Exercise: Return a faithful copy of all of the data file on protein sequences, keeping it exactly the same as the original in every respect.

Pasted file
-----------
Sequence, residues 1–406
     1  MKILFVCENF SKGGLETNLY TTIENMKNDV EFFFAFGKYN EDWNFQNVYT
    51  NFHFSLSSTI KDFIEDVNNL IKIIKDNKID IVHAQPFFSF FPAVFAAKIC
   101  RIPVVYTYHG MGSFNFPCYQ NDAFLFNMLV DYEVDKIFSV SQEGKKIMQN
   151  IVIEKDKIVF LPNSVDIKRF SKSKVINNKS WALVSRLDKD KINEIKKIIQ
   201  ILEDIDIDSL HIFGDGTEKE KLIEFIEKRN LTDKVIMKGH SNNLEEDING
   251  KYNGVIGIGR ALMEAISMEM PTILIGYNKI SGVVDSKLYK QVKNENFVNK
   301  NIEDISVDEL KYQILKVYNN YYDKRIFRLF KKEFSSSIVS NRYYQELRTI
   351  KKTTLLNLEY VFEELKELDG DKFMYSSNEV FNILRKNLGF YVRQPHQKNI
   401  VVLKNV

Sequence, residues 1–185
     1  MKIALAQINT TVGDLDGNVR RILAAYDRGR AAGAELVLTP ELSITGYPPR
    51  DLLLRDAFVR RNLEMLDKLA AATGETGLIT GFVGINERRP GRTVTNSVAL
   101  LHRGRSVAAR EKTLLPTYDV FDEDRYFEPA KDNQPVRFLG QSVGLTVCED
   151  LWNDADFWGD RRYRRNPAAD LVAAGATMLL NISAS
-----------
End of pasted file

Sequence, residues 1–406
     1  MKILFVCENF SKGGLETNLY TTIENMKNDV EFFFAFGKYN EDWNFQNVYT
    51  NFHFSLSSTI KDFIEDVNNL IKIIKDNKID IVHAQPFFSF FPAVFAAKIC
   101  RIPVVYTYHG MGSFNFPCYQ NDAFLFNMLV DYEVDKIFSV SQEGKKIMQN
   151  IVIEKDKIVF LPNSVDIKRF SKSKVINNKS WALVSRLDKD KINEIKKIIQ
   201  ILEDIDIDSL HIFGDGTEKE KLIEFIEKRN LTDKVIMKGH SNNLEEDING
   251  KYNGVIGIGR ALMEAISMEM PTILIGYNKI SGVVDSKLYK QVKNENFVNK
   301  NIEDISVDEL KYQILKVYNN YYDKRIFRLF KKEFSSSIVS NRYYQELRTI
   351  KKTTLLNLEY VFEELKELDG DKFMYSSNEV FNILRKNLGF YVRQPHQKNI
   401  VVLKNV

Sequence, residues 1–185
     1  MKIALAQINT TVGDLDGNVR RILAAYDRGR AAGAELVLTP ELSITGYPPR
    51  DLLLRDAFVR RNLEMLDKLA AATGETGLIT GFVGINERRP GRTVTNSVAL
   101  LHRGRSVAAR EKTLLPTYDV FDEDRYFEPA KDNQPVRFLG QSVGLTVCED
   151  LWNDADFWGD RRYRRNPAAD LVAAGATMLL NISAS